MOSCOW, February 10, 2012 /PRNewswire/ --
Konstantin Zavinovsky: ''Russia could risks losing its sovereignty and identity in result of protests.'’
Russia could face losing a hard earned identity, destabilization and come out a weakened country if 'outside supported' protests should continue says 'Geopolitics' editor Zavinovsky.
Last December, as the first protests of the Russian opposition were taking place, U.S. Senator and former presidential candidate John McCain challenged Prime Minister Vladimir Putin by predicting a wave of the so-called "Arab Spring" in Russia.
In fact, despite being a phenomenon caused by socio-political situations in the particular countries concerned, the so-called "Arab Spring" has not evolved without outside interference. It obviously comprises of some elements resembling what are known as the "color revolutions" that have deprived a number of countries of their national sovereignty and historic identity.
These revolutions take their name after a particular variety of brand names, usually referring to a color or a flower and easily identifiable by the public, which reveals the involvement of highly skilled public relations experts.
The most notorious among these "color revolutions" have occurred in Georgia, Ukraine and Yugoslavia, with less successful attempts in other countries as well, such as Belarus. The countries involved are almost always ex-Soviet republics, or other states ruled by governments that are on friendly terms with Russia.
The aim seems to be to replace these governments with new ones that would be hostile to Moscow and allied to Washington as
it is from there that the funding as well as technical support - "stage direction" - comes from.
There are currently 5 candidates running in the presidential elections in Russia, and the one who is to become the head of state will be responsible not only for the destiny of Russia itself, but also for the stability of its international relations.
''Prokhorov's potential victory in the March elections; a US-style liberal, would mean the success of the "snow revolution" - or perhaps "frost" which, in turn, could lead to bringing Russia into the hands of the United States'’ claims Zavinovsky.
''Prokhorov, a successful manager, would run the country as an enterprise or a business according to the logic of the market, but not as a state that needs well-defined social policies.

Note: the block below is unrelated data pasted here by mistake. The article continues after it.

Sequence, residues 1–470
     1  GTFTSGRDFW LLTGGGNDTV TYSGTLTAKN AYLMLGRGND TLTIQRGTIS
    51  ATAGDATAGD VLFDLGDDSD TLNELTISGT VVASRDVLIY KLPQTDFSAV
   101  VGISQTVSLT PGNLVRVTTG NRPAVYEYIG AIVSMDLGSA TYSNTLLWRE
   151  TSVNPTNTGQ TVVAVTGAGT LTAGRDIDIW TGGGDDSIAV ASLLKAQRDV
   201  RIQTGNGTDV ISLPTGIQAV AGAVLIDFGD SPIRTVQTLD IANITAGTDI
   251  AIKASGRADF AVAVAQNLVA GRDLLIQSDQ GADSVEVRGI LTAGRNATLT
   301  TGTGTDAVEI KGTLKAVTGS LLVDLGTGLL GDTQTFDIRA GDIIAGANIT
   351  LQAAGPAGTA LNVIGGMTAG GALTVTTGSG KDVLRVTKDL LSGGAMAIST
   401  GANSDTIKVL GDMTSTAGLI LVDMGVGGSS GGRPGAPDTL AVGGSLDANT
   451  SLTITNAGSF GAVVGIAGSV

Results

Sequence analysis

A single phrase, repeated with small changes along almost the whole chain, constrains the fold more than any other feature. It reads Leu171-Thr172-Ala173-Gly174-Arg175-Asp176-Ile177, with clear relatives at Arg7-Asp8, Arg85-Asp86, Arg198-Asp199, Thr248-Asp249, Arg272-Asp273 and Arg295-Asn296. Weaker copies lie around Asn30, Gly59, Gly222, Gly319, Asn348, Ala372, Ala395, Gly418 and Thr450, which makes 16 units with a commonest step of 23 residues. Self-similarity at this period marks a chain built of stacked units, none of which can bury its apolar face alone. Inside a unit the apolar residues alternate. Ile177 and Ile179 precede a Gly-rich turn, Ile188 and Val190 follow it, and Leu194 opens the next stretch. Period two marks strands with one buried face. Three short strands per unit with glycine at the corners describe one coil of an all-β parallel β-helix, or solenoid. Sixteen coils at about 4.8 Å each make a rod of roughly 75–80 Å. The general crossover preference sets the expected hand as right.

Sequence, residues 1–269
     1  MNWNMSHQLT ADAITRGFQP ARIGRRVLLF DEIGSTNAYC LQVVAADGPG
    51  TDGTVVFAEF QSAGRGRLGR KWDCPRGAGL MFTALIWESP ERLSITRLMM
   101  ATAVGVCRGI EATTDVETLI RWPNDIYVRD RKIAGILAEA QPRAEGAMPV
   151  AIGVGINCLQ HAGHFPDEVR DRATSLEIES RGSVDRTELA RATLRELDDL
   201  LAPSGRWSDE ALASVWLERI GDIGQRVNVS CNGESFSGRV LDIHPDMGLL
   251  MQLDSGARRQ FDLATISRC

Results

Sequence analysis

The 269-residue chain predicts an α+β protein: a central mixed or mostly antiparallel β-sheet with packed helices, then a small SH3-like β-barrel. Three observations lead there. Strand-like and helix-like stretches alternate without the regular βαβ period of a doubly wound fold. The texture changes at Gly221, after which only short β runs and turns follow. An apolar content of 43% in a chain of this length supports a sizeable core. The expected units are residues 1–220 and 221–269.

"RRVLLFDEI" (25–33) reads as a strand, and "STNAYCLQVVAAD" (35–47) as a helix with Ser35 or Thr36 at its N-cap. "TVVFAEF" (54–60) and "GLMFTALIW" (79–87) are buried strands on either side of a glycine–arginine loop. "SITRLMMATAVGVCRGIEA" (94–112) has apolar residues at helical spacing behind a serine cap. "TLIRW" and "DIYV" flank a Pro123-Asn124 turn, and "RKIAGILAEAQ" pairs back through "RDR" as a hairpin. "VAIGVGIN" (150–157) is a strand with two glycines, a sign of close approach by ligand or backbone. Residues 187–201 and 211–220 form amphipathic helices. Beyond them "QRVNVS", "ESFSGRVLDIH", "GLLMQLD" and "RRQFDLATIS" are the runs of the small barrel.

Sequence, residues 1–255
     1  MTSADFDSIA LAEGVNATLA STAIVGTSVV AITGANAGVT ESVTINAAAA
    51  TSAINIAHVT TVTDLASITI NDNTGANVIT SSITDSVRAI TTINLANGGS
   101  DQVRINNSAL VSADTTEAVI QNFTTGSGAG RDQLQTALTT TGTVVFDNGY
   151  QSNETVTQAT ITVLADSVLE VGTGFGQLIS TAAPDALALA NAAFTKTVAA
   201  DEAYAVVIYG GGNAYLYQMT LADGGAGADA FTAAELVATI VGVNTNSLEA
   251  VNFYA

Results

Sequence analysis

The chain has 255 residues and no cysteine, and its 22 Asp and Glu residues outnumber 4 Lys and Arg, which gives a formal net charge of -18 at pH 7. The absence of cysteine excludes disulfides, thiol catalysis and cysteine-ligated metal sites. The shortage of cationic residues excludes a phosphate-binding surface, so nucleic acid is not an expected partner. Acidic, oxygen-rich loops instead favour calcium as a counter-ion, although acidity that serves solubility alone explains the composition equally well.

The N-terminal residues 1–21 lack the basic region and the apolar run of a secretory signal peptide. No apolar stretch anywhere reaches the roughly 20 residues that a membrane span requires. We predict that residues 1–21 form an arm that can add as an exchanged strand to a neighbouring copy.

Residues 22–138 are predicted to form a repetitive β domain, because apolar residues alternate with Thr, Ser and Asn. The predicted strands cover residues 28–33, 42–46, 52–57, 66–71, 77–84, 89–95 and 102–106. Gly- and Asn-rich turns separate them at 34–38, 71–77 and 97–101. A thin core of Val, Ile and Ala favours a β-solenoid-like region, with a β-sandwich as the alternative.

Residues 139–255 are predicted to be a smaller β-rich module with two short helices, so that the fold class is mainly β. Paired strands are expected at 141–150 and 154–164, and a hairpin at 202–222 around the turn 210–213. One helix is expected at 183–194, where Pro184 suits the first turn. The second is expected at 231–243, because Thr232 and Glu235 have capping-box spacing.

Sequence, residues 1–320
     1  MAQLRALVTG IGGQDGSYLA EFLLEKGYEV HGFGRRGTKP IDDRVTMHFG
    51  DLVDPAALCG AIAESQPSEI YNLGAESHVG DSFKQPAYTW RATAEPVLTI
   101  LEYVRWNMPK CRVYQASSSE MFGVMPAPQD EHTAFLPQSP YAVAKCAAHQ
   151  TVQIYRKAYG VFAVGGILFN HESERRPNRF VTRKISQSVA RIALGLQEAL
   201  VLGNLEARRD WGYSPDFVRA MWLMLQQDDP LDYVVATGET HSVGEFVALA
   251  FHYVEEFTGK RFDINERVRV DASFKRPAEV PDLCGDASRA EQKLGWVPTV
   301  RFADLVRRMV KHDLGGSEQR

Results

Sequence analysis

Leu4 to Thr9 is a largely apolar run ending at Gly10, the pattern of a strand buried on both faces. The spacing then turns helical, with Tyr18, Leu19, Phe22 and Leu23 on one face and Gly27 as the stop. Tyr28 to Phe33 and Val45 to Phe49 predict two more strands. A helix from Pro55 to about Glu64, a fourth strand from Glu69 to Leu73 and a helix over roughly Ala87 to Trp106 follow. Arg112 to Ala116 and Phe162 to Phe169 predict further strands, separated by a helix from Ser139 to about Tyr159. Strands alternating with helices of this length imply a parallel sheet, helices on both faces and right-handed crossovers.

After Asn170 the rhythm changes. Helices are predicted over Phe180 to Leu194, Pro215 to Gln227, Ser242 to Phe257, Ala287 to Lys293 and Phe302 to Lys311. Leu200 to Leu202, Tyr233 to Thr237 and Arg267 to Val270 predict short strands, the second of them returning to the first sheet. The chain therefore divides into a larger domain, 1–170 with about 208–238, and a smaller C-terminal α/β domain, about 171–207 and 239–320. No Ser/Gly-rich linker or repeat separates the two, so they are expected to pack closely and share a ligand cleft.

In the case of a win by Communist party member Zyuganov, the threat to national sovereignty would be eliminated, but likewise would be the prospect for economic growth of Russia, as Zyuganov is nothing but the residue of the communist past that made the Russian economy
militarized and backward.
With Zyuganov as president, the international equilibrium would be broken, since he is not disposed for a constructive dialogue with the U.S.
Mironov is a supporter of the protest and, as he stated yesterday, he is prepared to include Alexei Navalny, one of the main architects of the opposition in the streets, into his government.
So, if the former Chairman of the Federation Council of Russia becomes President of the Russian Federation, his government would comprise of a man whose activity has been funded by the National Endowment for Democracy (NED), the NGO linked to the CIA and the U.S Congress.
Zhyrinovsky is a nationalist and a bitter enemy of the United States, so in case of his victory, he would do away with all the opposition funded by the U.S., but his nationalism would make it impossible to hold a dialogue at the international level on the basis of equality.
As a result, Putin seems to be the only Russian politician capable of ensuring the sovereignty and independence of his country in the face of external threats and at the same time he is ready for a constructive dialogue with other international players.
Which is confirmed by the words of the U.S. ambassador Michael McFaul in his interview to the Russian daily "Kommersant ", in which he declares his readiness to proceed with the "reset" of US-Russian relations, if Putin is elected president in the elections the 4th
Konstantin Zavinovsky is editor, the journal "Geopolitics", and a researcher at the Institute of Advanced Studies of Geopolitical Sciences (ISAG)
SOURCE Russia Insights